FORT COLLINS, Colo.--Colorado and Michigan officials today signed a limited partnership agreement to industrialize the production of canola-based motor oil, developed by Duane Johnson, Colorado State University Cooperative Extension alternative crops specialist.
Johnson, along with representatives from Agro Management, a Colorado Springs-based business commercializing the environmentally-friendly oil, were at Michigan State University in East Lansing to sign agreements with Thumb Oilseed Producers Cooperative, a Michigan-based soybean producer-owned cooperative. TOPC produces soybean cooking oil but is poised to industrialize the canola-based motor oil for consumer use.
The canola-based motor oil drastically reduces vehicle emissions compared to petroleum-based oils and doesn't pollute the environment when it's produced. Independent tests show a reduction of hydrocarbons by about 30 percent and a significant decrease in carbon dioxide. The process of making the oil is much like that of making canola-based salad oil. The canola seeds are crushed, which extracts the oil and leaves a ground-meal byproduct. The meal can be fed to livestock.
In addition, it's easily disposed of because it is not a hazardous material, unlike petroleum-based motor oils. Once the canola-based motor oil is used in vehicles, it can be recycled into greases and chain oils that produce no waste--yielding essentially 100 percent recycled products. The oil also contains some soybean oil.
"The agreement with TOPC marks the first time canola-based motor oil will be industrialized, although the oil has been tested in several states, including Colorado, California, Wisconsin and Massachusetts, and in New Zealand," said Johnson. "Use of the oil not only benefits the environment, it's also a huge boost to rural communities needing alternative crops and markets for their products."
Immediate use of the oil produced by TOPC will be concentrated in the Michigan area, said Jim LeCureux, Michigan State University Cooperative Extension agriculture agent. LeCureux said the oil will be available to Michigan consumers in about six months.
Johnson's research, funded in part by Colorado State University's Agricultural Experiment Station, has been focused in the San Luis Valley of Colorado, where area farmers are raising canola and crushing seeds to produce motor oil for testing.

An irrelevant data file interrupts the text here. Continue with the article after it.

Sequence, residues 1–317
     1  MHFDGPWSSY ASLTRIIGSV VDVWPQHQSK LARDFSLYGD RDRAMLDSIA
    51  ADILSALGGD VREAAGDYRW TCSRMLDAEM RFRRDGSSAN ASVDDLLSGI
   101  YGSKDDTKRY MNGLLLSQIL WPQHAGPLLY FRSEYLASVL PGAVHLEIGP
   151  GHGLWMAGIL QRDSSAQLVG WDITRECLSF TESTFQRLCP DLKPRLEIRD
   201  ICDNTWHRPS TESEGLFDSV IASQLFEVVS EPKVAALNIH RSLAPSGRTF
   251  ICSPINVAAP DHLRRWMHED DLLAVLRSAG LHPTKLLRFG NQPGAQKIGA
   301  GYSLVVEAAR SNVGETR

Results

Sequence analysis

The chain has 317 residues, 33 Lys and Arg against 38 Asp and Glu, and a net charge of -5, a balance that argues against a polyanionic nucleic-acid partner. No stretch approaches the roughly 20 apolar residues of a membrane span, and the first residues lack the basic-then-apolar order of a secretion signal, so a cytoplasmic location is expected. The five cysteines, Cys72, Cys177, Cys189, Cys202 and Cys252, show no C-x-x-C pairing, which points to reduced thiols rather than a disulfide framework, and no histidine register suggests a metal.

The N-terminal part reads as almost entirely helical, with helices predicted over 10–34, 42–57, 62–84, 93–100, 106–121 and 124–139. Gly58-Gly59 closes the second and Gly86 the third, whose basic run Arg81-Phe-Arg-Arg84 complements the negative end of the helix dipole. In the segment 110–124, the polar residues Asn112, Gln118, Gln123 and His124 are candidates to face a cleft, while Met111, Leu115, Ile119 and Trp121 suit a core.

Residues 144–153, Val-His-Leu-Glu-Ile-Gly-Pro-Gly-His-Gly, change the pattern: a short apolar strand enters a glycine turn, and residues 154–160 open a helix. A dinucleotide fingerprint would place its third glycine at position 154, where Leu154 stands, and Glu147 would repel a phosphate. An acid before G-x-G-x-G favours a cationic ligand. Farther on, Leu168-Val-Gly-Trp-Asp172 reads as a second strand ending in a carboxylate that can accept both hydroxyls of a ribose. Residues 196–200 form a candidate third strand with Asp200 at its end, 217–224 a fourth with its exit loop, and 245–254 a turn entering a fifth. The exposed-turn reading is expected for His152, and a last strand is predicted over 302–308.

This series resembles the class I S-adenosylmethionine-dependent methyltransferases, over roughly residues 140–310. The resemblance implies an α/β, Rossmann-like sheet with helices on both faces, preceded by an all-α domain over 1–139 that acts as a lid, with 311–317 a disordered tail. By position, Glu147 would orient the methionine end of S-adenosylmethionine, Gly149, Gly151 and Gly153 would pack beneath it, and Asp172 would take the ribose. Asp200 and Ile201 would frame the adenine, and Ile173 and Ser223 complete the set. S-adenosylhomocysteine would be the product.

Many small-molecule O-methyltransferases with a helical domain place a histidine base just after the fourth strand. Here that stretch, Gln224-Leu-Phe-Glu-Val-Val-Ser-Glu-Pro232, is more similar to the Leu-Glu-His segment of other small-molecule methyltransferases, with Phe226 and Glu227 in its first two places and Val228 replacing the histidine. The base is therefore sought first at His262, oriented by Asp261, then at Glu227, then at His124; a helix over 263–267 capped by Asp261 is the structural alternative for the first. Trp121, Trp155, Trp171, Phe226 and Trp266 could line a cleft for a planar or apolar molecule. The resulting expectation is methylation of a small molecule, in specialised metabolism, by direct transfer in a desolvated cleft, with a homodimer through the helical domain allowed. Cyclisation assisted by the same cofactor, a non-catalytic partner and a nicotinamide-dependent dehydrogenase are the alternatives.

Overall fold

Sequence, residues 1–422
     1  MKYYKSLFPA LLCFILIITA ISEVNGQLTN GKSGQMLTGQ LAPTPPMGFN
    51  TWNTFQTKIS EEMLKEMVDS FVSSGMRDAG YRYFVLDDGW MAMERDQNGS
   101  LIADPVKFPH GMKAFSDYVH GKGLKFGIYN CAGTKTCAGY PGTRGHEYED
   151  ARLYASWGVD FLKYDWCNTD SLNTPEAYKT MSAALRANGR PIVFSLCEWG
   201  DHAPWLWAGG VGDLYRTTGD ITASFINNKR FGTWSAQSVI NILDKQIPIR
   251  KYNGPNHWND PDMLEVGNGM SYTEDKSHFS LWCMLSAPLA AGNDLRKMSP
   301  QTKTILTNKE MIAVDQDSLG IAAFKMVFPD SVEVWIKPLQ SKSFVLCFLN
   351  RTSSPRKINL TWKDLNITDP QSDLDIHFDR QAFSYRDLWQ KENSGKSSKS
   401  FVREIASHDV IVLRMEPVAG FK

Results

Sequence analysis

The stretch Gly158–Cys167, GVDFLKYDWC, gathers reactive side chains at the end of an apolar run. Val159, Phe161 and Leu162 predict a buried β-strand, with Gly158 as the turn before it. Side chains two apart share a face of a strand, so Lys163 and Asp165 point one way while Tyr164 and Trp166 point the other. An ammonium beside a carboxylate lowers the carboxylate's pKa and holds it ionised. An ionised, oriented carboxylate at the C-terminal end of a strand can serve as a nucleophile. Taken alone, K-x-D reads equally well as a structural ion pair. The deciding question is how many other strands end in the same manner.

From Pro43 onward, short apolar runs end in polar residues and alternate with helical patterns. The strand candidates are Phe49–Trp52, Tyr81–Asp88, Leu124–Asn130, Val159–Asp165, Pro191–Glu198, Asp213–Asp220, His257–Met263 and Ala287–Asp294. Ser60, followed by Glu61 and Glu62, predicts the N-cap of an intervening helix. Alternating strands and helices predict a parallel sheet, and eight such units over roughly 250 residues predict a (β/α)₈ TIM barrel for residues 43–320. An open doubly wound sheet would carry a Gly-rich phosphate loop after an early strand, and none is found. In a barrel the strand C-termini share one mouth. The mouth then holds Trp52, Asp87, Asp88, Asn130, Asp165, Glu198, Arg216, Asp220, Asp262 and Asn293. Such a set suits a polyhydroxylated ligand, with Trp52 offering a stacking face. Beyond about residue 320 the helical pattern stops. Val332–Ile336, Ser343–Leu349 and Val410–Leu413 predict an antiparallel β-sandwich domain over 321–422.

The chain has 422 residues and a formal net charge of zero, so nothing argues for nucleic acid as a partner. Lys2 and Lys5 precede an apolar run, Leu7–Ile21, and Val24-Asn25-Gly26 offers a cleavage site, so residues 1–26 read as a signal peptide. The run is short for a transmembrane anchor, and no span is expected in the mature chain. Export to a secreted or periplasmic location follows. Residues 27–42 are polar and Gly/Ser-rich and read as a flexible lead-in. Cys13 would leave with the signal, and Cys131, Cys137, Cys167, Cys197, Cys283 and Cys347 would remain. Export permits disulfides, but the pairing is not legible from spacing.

"The industrialization helps us realize the beginning goal of developing the oil--to give farmers another option for a viable crop," said Johnson. "It's possible that additional processing plants will be built in rural communities where the oil is grown. That means more jobs and resources for small-town economies'in addition to cleaner air and less pollution."
Because the canola-based oil is not made from petroleum, it's not certified for use by the American Petroleum Institute--a requirement by automobile manufacturers for use in warrantied engines. The oil isn't certified by the API because it is a vegetable oil, not a petroleum oil. However, many government agencies are testing the oil for use in government engines.
Johnson, whose primary focus at Colorado State Cooperative Extension is to identify crops that can be raised in Colorado, started research on canola products in 1986 and developed the motor oil in 1993. He teamed with Agro Management, which specializes in finding new uses for old crops and developing new technologies for alternative crops. Agro Management has patented rights to the canola-based motor oil. As a state-funded educational institution, Colorado State is prohibited from marketing products for commercial use.
Johnson has tested his own formula for canola-based engine oil in several vehicles including a 1971 Volkswagen Beetle and 1970 Ford Mustang. The oil is about the same weight as 10W-30 oil and is expected to be priced at about double the cost of petroleum motor oils. But, it comes without the added cost of disposal for used oil.
Johnson said most consumers who switch to the vegetable-based motor oil will have an increase of cost by about $10 a year per vehicle, based on 12,000 miles traveled per year and an oil change every 4,000 miles.
Johnson estimates that if canola oil replaced just 5 percent of the petroleum oil used today, the United States market for the oil would be roughly 50 million gallons.